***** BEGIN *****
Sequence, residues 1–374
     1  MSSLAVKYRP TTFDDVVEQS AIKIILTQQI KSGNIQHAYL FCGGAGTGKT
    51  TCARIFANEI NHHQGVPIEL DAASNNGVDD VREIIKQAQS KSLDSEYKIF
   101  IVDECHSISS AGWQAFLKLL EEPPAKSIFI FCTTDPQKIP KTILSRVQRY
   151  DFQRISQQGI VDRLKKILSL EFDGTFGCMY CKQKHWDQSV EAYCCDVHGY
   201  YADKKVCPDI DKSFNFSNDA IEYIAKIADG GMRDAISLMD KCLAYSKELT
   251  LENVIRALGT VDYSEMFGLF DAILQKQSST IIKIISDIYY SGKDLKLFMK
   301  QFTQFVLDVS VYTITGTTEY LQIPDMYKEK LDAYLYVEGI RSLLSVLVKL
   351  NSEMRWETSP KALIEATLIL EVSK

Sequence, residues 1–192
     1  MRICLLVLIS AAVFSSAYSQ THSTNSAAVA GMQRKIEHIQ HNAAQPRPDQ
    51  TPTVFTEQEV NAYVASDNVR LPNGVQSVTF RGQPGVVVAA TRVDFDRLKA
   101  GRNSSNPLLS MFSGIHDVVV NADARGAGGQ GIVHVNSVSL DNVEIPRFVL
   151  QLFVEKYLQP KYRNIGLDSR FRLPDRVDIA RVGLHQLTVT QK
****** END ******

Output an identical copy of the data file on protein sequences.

Sequence, residues 1–374
     1  MSSLAVKYRP TTFDDVVEQS AIKIILTQQI KSGNIQHAYL FCGGAGTGKT
    51  TCARIFANEI NHHQGVPIEL DAASNNGVDD VREIIKQAQS KSLDSEYKIF
   101  IVDECHSISS AGWQAFLKLL EEPPAKSIFI FCTTDPQKIP KTILSRVQRY
   151  DFQRISQQGI VDRLKKILSL EFDGTFGCMY CKQKHWDQSV EAYCCDVHGY
   201  YADKKVCPDI DKSFNFSNDA IEYIAKIADG GMRDAISLMD KCLAYSKELT
   251  LENVIRALGT VDYSEMFGLF DAILQKQSST IIKIISDIYY SGKDLKLFMK
   301  QFTQFVLDVS VYTITGTTEY LQIPDMYKEK LDAYLYVEGI RSLLSVLVKL
   351  NSEMRWETSP KALIEATLIL EVSK

Sequence, residues 1–192
     1  MRICLLVLIS AAVFSSAYSQ THSTNSAAVA GMQRKIEHIQ HNAAQPRPDQ
    51  TPTVFTEQEV NAYVASDNVR LPNGVQSVTF RGQPGVVVAA TRVDFDRLKA
   101  GRNSSNPLLS MFSGIHDVVV NADARGAGGQ GIVHVNSVSL DNVEIPRFVL
   151  QLFVEKYLQP KYRNIGLDSR FRLPDRVDIA RVGLHQLTVT QK